Greenpeace will argue that, because gas is an internationally traded commodity, it will be sold abroad where demand and bids are highest. There is no guarantee of the UK keeping gas extracted from the North Sea and/or choosing where exports go. As such, Greenpeace campaigner Lauren MacDonald stated, the project will “do nothing to address the energy price crisis, while contributing to the climate crisis”.
She said: “Our dependence on fossil fuels is at the root of both crises, yet the Government continues to try and plough ahead with new oil and gas projects. This is why we need legal action. As long as the government carries on down this path – ignoring the pressing need to insulate homes and rollout cheaper renewables – they will face backlash and legal challenges.”
Shell has attempted to allay criticisms by publishing a statement reading: “Projects like Jackdaw will help ensure the overall decline in UK North Sea production is gradual rather than too steep, matching a gradual drop in hydrocarbon demand as the energy transition takes place. Gas from the Jackdaw field will come ashore at St Fergus, where Shell is involved in the development of the Acorn Carbon Capture and Storage project, which could sequester CO2 from industrial clusters in Scotland, the UK and northern Europe. The Acorn project could also reform natural gas into low-carbon hydrogen, by capturing and storing the CO2.”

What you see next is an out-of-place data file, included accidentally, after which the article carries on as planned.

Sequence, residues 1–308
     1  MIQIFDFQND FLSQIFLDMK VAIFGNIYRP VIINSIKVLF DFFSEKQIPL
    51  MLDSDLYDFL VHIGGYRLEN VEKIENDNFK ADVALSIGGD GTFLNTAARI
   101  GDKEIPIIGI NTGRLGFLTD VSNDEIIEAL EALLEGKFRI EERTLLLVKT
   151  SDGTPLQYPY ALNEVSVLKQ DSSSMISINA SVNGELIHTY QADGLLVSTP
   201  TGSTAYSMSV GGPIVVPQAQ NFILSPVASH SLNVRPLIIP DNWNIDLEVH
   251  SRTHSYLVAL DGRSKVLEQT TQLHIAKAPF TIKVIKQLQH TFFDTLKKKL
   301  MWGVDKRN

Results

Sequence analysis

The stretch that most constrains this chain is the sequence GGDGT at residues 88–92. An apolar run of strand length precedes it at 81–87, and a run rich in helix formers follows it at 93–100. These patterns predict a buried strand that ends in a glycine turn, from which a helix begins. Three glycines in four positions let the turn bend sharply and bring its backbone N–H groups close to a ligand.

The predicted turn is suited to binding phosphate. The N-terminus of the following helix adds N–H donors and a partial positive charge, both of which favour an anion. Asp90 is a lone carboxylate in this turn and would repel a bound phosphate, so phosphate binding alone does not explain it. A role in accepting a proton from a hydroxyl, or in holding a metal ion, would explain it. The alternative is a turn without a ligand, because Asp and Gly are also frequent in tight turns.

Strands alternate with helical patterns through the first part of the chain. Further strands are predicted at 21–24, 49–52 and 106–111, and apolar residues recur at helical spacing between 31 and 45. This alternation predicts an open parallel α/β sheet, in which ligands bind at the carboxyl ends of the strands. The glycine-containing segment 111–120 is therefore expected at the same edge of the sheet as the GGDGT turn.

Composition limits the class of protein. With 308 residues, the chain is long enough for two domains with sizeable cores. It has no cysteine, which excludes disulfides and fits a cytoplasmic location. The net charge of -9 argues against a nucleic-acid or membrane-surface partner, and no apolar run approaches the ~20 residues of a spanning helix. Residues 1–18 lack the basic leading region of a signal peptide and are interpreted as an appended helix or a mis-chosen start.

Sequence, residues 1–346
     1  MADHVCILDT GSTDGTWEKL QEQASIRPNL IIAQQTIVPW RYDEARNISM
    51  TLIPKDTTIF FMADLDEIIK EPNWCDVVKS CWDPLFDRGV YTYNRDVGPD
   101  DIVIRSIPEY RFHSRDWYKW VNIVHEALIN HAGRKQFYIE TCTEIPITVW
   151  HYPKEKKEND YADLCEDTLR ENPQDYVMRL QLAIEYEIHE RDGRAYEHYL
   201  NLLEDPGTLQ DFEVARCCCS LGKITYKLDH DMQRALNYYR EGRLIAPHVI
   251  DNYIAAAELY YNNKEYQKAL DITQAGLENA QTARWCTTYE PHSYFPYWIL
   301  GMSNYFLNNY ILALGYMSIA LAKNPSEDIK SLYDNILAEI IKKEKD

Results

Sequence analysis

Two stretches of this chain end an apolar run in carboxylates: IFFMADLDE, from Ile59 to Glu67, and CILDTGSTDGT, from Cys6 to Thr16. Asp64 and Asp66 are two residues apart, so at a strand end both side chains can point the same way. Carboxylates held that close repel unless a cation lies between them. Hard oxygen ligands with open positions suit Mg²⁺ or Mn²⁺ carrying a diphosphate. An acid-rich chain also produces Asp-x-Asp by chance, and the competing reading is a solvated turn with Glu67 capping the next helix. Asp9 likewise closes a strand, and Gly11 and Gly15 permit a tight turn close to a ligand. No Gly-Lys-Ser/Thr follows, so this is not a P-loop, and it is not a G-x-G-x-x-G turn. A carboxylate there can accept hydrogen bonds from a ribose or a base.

Court case after court case?
Commentators believe the legal challenge could set a precedent, should the courts side with Greenpeace. Carbon Brief wrote in February that there are 46 oil and gas fields in the pipeline for the UK, all set to avoid most of the requirements of ‘climate stress tests’. Halting these projects, which will have approval decisions considered by the end of 2025, could change the state of the net-zero transition nationally and internationally.
The Energy Security Strategy saw the Government outlining plans for a new licencing round for oil and gas fields, scheduled for this Autumn. There will be no changes to the stress tests regime ahead of this round. At least six projects are expected to receive approval, and OGUK stated last year its intention to put forward up to 18 projects.
One project which has already been put on pause is the Cambo oil field – although this was due to financial complications rather than legal challenges. Siccar Point put plans for the project on hold after Shell, which had a 30% stake, stated its intention to pull out in December 2021. The firm has since applied to extend licences for the project and been bought out by Ithica Energy, so the future of the project is very much undecided. As noted above, the Government and interested bodies in the private sector may use the war and energy security narrative to make a fresh push for the project.
The news about Jackdaw comes shortly after the High Court ruled that the UK Government’s Net-Zero Strategy is unlawful and ordered policymakers to provide additional details on cutting emissions, sector-by-sector, in a manner compatible with the UK’s 2050 climate goal and interim carbon budgets.